Roundup: Chinese media accusations, Netflix sued, will BBC survive Brand?

United States and Chinese flags Mark Schiefelbein

ABC, GB News, Podcasts, Neil Forsyth, Disney

Business of Media

US accuses China of global media manipulation

China is manipulating global media through censorship, data harvesting and covert purchases of foreign news outlets, the United States said on Thursday, warning the trend could lead to a “sharp contraction” of global freedom of expression, reports Reuters’ Michael Martina.

The U.S. State Department said in a report that Beijing has spent billions of dollars annually on information manipulation efforts, including by acquiring stakes in foreign media through “public and non-public means,” sponsoring online influencers and securing distribution agreements that promote unlabeled Chinese government content.

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Netflix sued over Rebel Moon by gamemaker that claims its world building was used in movie

A gamemaker is suing Netflix for allegedly claiming a confidentiality breach in a contract to develop a title based on Zach Snyder’s upcoming Rebel Moon as pretext to steal ideas and concepts created for the space opera franchise, reports The Hollywood Reporter‘s Winston Cho.

Netflix was accused in a lawsuit filed in California federal court on Thursday of terminating “without any legitimate basis” a licensing agreement with Evil Genius Games in a “bad faith attempt” to hijack intellectual property by asserting ownership over parts of the project to use in the movie and “potentially release [the game] themselves to avoid sharing the profits.”

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News Brands

Poor judgment or a ‘safe haven for perverts’: Can the BBC survive Russell Brand?

When the BBC, Britain’s public broadcasting behemoth, celebrated a century on air last October, its many champions had hoped a turbulent decade would soon be a thing of the past, reports The Age‘s Rob Harris.

It is just under 11 years since the corporation – beloved for its dramas, comedies and children’s shows – was rocked by the worst scandal in its history, when former star presenter Jimmy Savile was revealed to be a serial child sex offender and rapist.

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Man arrested at ABC headquarters over alleged break-in attempt

A man has been arrested after allegedly smashing a security barrier in an attempt to break into the ABC’s Ultimo headquarters in Sydney, reports The Sydney Morning Herald’s Calum Jaspan.

Police were called to the broadcaster’s Harris Street building at 5.30pm on Wednesday and arrested a 48-year-old man, a statement provided by NSW Police said.

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Laurence Fox apologises to Ava Evans for ‘demeaning’ comments on GB News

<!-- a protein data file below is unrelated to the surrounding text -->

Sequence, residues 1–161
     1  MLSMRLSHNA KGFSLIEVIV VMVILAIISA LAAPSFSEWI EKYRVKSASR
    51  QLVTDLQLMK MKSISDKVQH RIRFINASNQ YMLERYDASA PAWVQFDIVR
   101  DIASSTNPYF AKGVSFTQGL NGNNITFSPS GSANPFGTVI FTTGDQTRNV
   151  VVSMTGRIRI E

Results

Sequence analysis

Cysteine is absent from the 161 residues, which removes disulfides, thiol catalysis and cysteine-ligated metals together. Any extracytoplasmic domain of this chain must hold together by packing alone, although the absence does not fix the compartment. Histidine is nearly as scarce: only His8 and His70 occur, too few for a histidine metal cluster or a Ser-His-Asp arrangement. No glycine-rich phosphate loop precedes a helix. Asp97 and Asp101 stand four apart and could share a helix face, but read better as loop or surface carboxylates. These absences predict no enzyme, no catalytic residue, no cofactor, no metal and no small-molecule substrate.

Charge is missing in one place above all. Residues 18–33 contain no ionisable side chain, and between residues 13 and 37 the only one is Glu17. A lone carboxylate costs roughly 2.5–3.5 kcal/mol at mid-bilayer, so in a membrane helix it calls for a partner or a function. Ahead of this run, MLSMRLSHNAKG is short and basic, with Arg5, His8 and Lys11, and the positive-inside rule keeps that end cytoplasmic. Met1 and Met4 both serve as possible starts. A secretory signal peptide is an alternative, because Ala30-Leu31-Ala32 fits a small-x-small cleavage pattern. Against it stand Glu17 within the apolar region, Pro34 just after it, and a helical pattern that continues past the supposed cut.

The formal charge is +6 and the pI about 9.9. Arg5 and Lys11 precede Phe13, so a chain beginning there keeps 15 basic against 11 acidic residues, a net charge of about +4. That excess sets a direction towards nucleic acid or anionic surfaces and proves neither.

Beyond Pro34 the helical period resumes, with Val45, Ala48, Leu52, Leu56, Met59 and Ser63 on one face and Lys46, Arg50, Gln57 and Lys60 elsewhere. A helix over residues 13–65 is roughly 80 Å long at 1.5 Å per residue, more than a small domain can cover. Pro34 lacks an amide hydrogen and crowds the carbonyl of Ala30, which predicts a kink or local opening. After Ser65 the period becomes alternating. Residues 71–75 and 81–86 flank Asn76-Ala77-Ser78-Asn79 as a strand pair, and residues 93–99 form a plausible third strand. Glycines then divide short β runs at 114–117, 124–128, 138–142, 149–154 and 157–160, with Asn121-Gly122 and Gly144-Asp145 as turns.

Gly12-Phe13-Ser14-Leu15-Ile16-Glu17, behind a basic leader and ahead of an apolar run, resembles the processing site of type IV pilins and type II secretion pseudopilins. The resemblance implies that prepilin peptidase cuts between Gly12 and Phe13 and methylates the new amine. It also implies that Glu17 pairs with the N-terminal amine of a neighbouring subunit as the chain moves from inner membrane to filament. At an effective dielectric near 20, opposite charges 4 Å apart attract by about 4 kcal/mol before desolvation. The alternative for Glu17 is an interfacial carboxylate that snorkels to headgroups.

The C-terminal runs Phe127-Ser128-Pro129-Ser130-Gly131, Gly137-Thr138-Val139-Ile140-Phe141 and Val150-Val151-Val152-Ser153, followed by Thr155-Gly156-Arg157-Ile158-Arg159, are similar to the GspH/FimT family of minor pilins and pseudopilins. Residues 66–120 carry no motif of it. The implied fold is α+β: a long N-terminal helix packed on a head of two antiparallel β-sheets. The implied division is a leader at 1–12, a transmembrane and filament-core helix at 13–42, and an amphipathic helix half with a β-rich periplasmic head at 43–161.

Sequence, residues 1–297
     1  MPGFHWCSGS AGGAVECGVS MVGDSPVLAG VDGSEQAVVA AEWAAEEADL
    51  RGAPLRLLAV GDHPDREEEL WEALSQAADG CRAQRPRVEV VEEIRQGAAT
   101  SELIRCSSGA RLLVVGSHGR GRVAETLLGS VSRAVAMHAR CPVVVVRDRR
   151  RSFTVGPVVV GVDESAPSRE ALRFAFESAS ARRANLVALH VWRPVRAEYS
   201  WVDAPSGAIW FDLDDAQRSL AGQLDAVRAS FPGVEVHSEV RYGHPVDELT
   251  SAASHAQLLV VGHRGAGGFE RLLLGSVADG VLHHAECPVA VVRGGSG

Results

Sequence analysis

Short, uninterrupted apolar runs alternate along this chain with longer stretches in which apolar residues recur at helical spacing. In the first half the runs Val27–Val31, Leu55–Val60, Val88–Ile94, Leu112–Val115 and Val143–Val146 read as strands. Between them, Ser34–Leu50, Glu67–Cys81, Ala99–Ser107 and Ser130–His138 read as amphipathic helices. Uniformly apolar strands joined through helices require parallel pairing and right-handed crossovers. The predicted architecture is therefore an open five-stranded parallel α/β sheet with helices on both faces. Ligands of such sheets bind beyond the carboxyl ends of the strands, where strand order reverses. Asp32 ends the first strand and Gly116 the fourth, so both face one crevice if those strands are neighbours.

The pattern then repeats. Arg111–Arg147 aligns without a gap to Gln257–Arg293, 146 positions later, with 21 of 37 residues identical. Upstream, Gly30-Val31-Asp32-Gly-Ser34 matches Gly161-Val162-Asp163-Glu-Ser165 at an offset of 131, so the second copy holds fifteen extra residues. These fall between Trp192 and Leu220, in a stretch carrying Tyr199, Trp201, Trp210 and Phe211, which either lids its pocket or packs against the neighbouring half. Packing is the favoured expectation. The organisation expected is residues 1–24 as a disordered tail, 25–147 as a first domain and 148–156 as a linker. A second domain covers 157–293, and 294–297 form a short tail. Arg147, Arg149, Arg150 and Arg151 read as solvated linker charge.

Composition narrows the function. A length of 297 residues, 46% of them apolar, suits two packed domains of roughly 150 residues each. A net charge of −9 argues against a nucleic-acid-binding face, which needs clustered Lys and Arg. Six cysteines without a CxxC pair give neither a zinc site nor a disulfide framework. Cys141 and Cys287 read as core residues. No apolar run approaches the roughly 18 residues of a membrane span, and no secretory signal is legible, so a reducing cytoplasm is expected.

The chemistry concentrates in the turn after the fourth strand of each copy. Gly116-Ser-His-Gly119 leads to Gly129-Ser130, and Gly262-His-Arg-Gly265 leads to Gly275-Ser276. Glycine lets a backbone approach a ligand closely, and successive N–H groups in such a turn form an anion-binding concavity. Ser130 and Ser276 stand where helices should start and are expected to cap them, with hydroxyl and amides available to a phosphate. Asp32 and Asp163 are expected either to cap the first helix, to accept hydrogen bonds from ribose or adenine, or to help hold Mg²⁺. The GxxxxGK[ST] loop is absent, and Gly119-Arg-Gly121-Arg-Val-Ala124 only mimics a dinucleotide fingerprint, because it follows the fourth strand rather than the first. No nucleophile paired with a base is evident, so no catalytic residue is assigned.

Laurence Fox has apologised to the journalist Ava Evans over misogynistic comments he made about her on the GB News channel that led to him being suspended, reports The Guardian‘s Laurence Fox.

The actor and Reclaim party founder released a video on Thursday evening on X, the social media site formerly known as Twitter, acknowledging he was “demeaning” about her during a discussion on the Dan Wootton Tonight programme on Tuesday.

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See Also: Bad news week: Is Angelos Frangopoulos running an “outrage factory” at GB News?


I’ve glimpsed the entertainment future – and it’s chat

For any art form, bloating is the most common symptom of success. In the heyday of the Victorian novel the public lusted for the endlessly expanding and mutating plots of serialised novels. Rock’n’roll’s pomp coincided with grandiose concept albums and interminable guitar solos, reports The Australian‘s James Marriott.

The first decades of this century will be remembered as the heyday of never-ending prestige TV drama (it is not without relief that I note the streaming industry’s financing crisis may be bringing that golden age to an end).

Surveying the UK’s first reliable podcast chart, released this week, I think I glimpse the future. To nobody’s great surprise the country’s most popular show is The Joe Rogan Experience.

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Britain’s biggest gold robbery is now a gripping crime thriller

The creators of television shows often boast an expansive ego, but as successful as he’s become with the British thriller Guilt, freelance journalist turned screenwriter and producer Neil Forsyth has a clear-eyed take on his own talents, reports The Sydney Morning Herald’s Craig Mathieson.

“It’s just a matter of time,” says Forsyth, whose accent and unvarnished self-analysis both betray his Scottish heritage. “As long as I have it, I can write a good episode of television. I have always recognised my flaws and tried to be not just a good writer, but an improving writer who works on the craft of how to tell stories.”

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Disney’s Thomas Schumacher takes on new Broadway role

Thomas Schumacher, the longtime head of Disney’s theatrical arm, a key force behind “The Lion King,” and one of the most powerful people on Broadway, is relinquishing his role overseeing the division’s business operations and stepping into a purely creative role, reports The New York Times’ Michael Paulson.

Schumacher, who is 65 and currently holds the titles of president and producer of Disney Theatrical Group, told his staff on Thursday morning that he will take on a new role as the division’s chief creative officer. His two closest deputies, Andrew Flatt and Anne Quart, will now jointly run the unit as executive vice presidents.

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